To understand the effects of BEC on the neurocognitive functions in participants with high mood disturbance, we analyzed participants with high anxiety scores in the BAI (total score>25) or high depression scores in the BDI (score>28). Among the participants with high anxiety scores, 9 received BEC and 14 received the placebo. In the BEC group, the mean age was 34.1±5.0 years and the female/male ratio was 7/2; in the control group, the mean age was 31.7±4.8 years and the female/male ratio was 9/5. The baseline values of all form-color associative memory tests were similar between BEC and control groups. Figure Figure22 reveals that performance in trial 1 of the form-color associative memory test borderline significantly improved in the BEC group among the participants with high anxiety scores after multiple test correction (P=0.0954).
Among the participants with high depression scores, 11 received BEC and 21 received the placebo. In the BEC group, the mean age was 35.2±4.9 years and the female/male ratio was 7/4; in the control group, the mean age was 32.0±4.0 years and the female/male was 13/8. The baseline values of all form-color associative tests were about the same between these 2 groups. The BEC group exhibited significantly superior performance in trial 1 (P<0.018), and total score of the form-color associative memory test than the control group after multiple testing (P<0.018) (Figure (Figure33).
WS affects neurocognitive functions, but effective treatments for promoting resilience and resistance to stress-associated effects and maintaining neurocognitive functions are lacking. EC has been widely studied and empirical data suggest that EC is beneficial to multiple organ systems and can improve attention and short-term memory under extremely stressful conditions. In this randomized double-blind trial, we recruited participants with high WS according to ISPJSS scores (>36 for job leaders and 33 for nonleaders). Comprehensive neurocognitive function assessment, blood biochemistry examination, and immunity surveys were implemented at the baseline (week 0), after EC treatment for 2 weeks (week 2), and 2 weeks after the treatment (week 4). To the best of our knowledge, the present study is the 1st randomized double-blind trial for assessing the clinical application of EC.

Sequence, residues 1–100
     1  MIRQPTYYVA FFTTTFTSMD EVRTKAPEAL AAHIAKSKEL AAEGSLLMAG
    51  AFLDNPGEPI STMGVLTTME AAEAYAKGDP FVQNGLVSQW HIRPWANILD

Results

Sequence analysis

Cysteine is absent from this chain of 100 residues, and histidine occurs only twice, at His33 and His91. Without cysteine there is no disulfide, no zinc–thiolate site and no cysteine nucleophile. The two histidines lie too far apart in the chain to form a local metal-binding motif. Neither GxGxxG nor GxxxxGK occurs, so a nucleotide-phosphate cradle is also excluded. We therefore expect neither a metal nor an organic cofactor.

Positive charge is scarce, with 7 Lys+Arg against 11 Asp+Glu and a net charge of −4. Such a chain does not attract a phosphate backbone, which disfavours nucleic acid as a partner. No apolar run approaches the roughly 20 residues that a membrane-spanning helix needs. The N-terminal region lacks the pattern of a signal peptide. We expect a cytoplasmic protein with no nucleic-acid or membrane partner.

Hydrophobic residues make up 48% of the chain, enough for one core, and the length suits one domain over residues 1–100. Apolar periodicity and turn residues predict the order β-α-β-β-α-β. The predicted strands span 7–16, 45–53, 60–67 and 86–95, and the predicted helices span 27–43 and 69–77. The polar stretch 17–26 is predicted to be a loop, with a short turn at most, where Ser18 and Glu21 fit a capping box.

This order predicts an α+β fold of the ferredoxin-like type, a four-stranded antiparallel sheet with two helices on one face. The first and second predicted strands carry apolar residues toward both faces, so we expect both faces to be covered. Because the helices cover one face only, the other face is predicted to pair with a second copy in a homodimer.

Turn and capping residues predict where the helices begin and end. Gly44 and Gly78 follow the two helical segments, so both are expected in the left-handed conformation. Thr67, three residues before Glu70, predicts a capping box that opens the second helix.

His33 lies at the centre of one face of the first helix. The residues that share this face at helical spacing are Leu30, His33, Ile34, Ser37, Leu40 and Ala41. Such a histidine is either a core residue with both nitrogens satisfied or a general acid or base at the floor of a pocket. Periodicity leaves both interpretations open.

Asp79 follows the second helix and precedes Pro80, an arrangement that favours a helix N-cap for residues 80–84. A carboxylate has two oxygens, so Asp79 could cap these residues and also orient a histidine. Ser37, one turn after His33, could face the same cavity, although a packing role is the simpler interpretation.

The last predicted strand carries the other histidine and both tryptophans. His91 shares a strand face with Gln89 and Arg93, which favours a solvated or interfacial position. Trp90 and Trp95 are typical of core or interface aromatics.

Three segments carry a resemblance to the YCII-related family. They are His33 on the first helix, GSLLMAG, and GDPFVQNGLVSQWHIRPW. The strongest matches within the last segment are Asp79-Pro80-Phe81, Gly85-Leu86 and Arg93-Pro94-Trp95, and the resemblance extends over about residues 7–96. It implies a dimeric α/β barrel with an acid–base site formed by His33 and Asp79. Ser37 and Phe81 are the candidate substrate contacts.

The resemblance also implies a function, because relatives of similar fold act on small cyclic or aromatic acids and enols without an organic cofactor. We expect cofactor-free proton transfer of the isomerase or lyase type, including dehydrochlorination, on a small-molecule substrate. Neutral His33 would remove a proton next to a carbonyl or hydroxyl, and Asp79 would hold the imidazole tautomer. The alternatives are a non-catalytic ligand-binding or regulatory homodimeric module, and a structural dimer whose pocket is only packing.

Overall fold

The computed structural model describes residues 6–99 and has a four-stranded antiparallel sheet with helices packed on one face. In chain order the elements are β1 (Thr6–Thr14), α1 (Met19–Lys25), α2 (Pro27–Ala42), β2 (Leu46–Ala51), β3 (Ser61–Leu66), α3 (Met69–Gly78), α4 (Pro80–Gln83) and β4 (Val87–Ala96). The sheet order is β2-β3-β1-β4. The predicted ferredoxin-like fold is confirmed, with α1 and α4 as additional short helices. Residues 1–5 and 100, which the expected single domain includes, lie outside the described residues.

Multiple neurocognitive function domains, such as attention or vigilance, working memory, immediate and delayed recall of memory, learning effects, retention of memory, and executive functions, were examined in this trial. Almost all neurocognitive functions improved in week 2 and week 4 in both groups. This improvement could be attributed to learning effects attributable to short intervals between the tests (Table (Table3).3). However, participants in the BEC group with high depression scores exhibited greater improvement in trials 1 and 2 of the form-color associative test and total scores than those in the control group did. In addition, participants in the BEC group with high anxiety scores exhibited greater improvement in trial 1 of the form-color associative test than those in the control group did. Therefore, we conclude that BEC did not induce significant improvement of neurocognitive functions when we pooled all participants; however, BEC improved the short-term memory of the participants with high depression scores and slightly improved the short-term memory of the participants with high anxiety scores. The form-color memory associative memory test depends on sound short-term memory functions. Stable concentration, working memory, integrated ability, mental control, and an applicable strategy are other factors evaluated in this test. In trial, the participants had to learn extensive and unrelated information immediately and hence may have felt extremely nervous and anxious, which are called the 1st-trial effects. An anxious participant may face difficulty in managing the 1st-trial effects, resulting in monitor errors. Therefore, it is speculated that BEC might be beneficial for controlling inner anxiety under highly stressful conditions in people with high anxiety scores.